Wills and Probate Records [on Ancestry.com]: How Do I Find What I Am Looking for? from the Ancestry.com blog – tips on how to find what you’re looking for, including a free Ancestry Academy class video.
Thoughts on Ancestry.com’s Probate Database from Michael John Neill at Rootdig.com - some more helpful tips.
Go the Distance – Living in the World of Your Ancestors from the Genealogy’s Star blog– includes maps showing how long it took to get from point A to point B in the USA in 1800, 1830 and 1857 (before and after the introduction of the railroad). Knowing this helps our analysis as to whether X document in Z state can possibly be our "John Snyder".
Occupational Records from the Worldwide Genealogy blog – if we want to thoroughly understand our ancestors’ lives then we must research occupational records to understand their work lives. This article gives some suggestions as to the sort of records to look for by occupation.
Tip: Study the Entire Document from the blog of The Enthusiastic Genealogist – I've done this too, if it was a snake it would’ve bit me!
Tip: Use the Ancestry.com Card Catalog from the Cousin Detective blog - more treasures beyond the obvious
The Genealogy’s Star blog is presenting a series on Finding Your Immigrant Ancestors, including, thus far: Finding Your Immigrant Ancestors: Begin Research in the United States; Find Your Immigrant Ancestors – Naturalization Records – Part One; Find Your Immigrant Ancestors – Naturalization Records – Part Two; and Find Your Immigrant Ancestors – Naturalization Records – Part Three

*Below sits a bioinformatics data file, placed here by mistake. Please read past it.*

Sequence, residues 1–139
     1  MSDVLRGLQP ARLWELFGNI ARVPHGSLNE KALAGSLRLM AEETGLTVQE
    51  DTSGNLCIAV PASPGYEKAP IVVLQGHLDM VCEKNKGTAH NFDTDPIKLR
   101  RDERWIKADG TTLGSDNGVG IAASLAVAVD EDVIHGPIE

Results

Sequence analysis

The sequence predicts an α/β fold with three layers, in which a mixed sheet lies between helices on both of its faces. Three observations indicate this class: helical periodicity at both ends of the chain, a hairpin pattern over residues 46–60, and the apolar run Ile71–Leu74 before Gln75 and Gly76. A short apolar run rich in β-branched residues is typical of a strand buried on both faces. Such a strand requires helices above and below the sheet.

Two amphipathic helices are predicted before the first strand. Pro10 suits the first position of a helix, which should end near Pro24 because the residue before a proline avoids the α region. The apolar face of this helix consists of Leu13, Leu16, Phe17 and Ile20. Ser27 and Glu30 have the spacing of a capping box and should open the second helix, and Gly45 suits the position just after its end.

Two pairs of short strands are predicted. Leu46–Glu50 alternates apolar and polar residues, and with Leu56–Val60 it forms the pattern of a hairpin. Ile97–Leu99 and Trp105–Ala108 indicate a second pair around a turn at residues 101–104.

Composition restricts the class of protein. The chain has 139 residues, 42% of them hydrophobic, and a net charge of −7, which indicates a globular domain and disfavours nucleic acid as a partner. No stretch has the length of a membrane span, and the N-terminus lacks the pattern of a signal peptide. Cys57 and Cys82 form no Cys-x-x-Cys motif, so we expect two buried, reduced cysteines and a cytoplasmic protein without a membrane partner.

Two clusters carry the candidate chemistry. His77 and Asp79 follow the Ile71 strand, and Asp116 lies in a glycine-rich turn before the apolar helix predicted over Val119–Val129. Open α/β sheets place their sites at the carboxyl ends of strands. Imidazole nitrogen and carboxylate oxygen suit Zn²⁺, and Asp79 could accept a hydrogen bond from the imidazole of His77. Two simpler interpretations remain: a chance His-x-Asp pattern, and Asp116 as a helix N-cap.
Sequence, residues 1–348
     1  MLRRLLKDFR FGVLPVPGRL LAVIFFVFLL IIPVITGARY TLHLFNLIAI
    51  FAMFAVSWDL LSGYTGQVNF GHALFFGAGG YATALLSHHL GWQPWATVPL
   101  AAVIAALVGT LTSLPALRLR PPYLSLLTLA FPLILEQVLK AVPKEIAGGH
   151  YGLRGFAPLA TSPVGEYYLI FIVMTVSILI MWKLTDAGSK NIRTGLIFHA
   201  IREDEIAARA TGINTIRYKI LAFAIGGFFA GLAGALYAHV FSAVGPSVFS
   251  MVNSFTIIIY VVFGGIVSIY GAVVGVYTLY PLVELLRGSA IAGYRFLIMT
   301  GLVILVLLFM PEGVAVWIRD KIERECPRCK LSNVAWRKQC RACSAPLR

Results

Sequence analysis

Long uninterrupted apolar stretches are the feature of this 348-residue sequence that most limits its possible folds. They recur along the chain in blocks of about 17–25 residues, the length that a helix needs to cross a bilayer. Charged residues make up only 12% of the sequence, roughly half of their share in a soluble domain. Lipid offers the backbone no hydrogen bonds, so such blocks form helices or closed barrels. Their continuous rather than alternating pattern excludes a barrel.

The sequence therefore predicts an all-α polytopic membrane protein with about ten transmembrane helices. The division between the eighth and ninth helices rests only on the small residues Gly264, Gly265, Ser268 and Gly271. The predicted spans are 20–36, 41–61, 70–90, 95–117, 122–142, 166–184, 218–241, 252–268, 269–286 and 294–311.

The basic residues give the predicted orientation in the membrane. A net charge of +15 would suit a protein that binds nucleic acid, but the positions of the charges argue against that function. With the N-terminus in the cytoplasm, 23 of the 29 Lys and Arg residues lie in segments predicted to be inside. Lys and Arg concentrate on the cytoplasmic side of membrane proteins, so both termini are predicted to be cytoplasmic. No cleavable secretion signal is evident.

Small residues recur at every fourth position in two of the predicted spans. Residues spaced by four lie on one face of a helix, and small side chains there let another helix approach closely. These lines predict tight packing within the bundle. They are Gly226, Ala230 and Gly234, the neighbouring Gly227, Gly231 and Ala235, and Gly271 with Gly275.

5 Utterly Fascinating History Education Resources from makeuseof.com – including one to see a world map for any year, which could help in seeing the changing boundaries of countries throughout history.
Veteran Administration Pension Payment Cards, covering applications made 1907 to 1933 article by the Familytree.com blog describing where to find the resource and how to use it.
One Million World War II POW Records Now Online- article discussing the new database by Gould Genealogy
Resources for Learning about Genealogical Research from the Genealogy Star blog – a long bibliographic list of genealogy publications dealing with all sorts of research.
I Have a New Toy! from the Ancestoring blog – tells us how she plots the land plats of her ancestors using a downloaded copy of the original Township/range survey from the Bureau of Land Management website (in order to find out who their neighbors are, for a FAN search).
DAR Offers Free Online Genealogy Research Tools from the Fort Worth Examiner's website – article lists and explains the seven free databases.
Finding Maryland County Land Records – Certified and Uncertified Plats from Old Bones Genealogy – “Whether certified or uncertified, these land surveys contain at a minimum the following information: Grantor, Grantee, Patent/Deed reference number, description of property and, usually, a drawing or plat of the property. If certified, it may also lead us to the patent or deed.”
Was Your German Ancestor Recruited to Come to Michigan? from the Journey to the Past blog – fascinating article about the period of time when Michigan actively recruited in Germany for immigrants to their state which includes a list of state records kept.
Land for Ohio’s Daughters from the blog of The Legal Genealogist -interesting article about the right of married women to will property, and the 1831 court case that recognized that right had existed as of 1810, when married women had very few rights. A step towards women's rights.